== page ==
Climate change may force the kiwifruit industry to look for new places to grow its vines – especially the green hayward variety.
The kiwifruit Industry Advisory Council (IAC) set up the Hayward Medal four years ago to honour the people who have led the industry and established it as a New Zealand export success story, selling more than $1.57 billion of premium-quality Zespri Kiwifruit last year.
IAC chair Paul Jones says nominations are encouraged for people right across the industry who have shown excellence, commitment and leadership.
“Our industry is set for strong growth and on track to double export revenue by 2020. We simply wouldn’t be in this position today without world-class people and the Fresh Carriers Hayward Medal has been set up to acknowledge and celebrate our great people.
“We’re once again calling on our colleagues to nominate the people they think have made a defining contribution to the industry success we see today,” says Jones.
Takao Takeshige, president of award-sponsor Fresh Carriers says when the shipping company started carrying New Zealand kiwifruit to Japan about 30 years ago, not many people could have expected the industry to be as successful as it is today.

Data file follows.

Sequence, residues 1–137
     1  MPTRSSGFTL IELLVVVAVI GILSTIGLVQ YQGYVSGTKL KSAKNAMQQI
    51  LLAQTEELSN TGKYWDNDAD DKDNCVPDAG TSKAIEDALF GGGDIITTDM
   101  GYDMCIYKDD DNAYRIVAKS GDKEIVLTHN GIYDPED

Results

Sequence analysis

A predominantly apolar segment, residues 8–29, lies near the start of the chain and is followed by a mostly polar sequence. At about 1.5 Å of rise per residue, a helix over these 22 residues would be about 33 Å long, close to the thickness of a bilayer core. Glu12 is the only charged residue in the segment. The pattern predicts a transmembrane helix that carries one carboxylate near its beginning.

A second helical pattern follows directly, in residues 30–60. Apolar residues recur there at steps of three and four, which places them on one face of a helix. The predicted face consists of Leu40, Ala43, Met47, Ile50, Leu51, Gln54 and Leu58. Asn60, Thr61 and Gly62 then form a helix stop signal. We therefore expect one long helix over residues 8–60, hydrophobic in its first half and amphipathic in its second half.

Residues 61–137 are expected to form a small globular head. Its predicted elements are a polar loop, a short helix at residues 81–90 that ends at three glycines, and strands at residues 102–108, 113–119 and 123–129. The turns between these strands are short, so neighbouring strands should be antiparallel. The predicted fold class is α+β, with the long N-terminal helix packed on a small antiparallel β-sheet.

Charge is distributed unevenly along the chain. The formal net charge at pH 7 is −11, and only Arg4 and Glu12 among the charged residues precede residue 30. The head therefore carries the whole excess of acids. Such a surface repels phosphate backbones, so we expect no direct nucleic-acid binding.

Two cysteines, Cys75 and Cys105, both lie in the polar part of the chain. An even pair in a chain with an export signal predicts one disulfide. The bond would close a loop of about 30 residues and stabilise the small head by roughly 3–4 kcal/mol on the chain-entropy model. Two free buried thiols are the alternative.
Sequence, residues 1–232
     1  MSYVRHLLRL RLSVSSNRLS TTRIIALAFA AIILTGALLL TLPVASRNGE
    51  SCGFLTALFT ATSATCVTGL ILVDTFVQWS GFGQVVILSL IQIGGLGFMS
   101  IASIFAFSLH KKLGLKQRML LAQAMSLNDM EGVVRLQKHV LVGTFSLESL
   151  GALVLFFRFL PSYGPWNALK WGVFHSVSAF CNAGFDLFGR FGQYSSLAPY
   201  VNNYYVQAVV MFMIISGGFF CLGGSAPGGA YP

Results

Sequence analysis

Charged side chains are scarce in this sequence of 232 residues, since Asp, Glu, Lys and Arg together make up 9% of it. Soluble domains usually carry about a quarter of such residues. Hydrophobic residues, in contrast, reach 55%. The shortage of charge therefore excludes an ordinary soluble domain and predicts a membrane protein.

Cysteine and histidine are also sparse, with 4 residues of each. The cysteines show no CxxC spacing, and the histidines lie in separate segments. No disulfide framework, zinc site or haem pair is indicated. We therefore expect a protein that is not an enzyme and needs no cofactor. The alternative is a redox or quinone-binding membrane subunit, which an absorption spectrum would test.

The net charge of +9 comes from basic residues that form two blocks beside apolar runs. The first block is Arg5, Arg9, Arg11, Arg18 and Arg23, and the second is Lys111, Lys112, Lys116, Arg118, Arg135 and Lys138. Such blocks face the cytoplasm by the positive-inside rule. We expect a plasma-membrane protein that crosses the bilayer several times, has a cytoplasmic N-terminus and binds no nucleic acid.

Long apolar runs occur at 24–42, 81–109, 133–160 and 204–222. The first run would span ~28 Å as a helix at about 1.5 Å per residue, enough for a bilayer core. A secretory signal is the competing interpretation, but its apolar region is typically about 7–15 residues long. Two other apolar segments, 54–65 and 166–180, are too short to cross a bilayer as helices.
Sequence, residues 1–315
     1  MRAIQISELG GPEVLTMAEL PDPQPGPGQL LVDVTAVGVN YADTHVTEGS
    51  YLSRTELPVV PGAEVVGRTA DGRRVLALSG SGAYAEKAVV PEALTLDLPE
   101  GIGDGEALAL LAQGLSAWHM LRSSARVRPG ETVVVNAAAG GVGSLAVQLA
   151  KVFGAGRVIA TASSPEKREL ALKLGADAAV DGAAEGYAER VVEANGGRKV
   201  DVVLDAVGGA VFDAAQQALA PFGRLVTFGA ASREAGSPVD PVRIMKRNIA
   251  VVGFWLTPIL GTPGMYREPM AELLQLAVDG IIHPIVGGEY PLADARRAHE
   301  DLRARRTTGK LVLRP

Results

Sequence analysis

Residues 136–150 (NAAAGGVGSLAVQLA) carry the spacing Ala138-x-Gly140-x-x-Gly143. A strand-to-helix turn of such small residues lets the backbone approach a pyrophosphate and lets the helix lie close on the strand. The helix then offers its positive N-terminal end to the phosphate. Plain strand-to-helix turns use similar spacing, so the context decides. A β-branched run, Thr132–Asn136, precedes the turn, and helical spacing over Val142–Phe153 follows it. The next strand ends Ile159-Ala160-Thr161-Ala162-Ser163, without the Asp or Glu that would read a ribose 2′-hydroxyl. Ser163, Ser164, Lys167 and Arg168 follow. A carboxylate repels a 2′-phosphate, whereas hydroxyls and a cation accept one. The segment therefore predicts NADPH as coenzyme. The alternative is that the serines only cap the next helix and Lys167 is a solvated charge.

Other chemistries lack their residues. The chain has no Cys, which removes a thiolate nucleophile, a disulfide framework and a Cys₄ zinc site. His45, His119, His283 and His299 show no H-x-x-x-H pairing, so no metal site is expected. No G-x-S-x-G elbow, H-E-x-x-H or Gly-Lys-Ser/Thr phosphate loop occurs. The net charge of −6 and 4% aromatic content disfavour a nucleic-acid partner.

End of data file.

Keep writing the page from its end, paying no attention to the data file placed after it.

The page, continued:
“This success and the continuing growth is thanks to the great efforts of all the people working in the kiwifruit industry. We are very honoured to present the Fresh Carriers Hayward Medal to the winner and are looking forward to meeting them at the Hayward Medal Dinner,” says Takeshige-san.
Over the past three years, the medal has been awarded to people who made outstanding contributions to the kiwifruit industry in very different ways, through science, leadership and personal vision and drive.
Last year, growers Paul Heywood and Leo Mangos were jointly awarded the medal for their work in establishing the grower-owned structure of the industry. The ex-chair of the New Zealand Kiwifruit Marketing Board, John Palmer was awarded the Medal in 2013 for his tireless efforts to bring the kiwifruit industry through the fiscal crisis in the early 1990s.
The inaugural award went to Plant & Food Research plant breeder, Russell Lowe for developing and helping commercialise the gold kiwifruit variety Hort16A, adding over $3 billion to the industry and New Zealand.
The medal is named after the green Hayward cultivar, which remains the foundation of kiwifruit industry, and acknowledges the talented horticulturalist Hayward Wright, whose innovation and contribution set up the industry, as we know it today.
Nominations close on Friday 18 September and nominations for the pan-industry award are encouraged from right across the industry.
The winner will be announced and presented with the award at the Hayward Medal Dinner, which follows the Kiwifruit Industry Symposium on Thursday 29 October.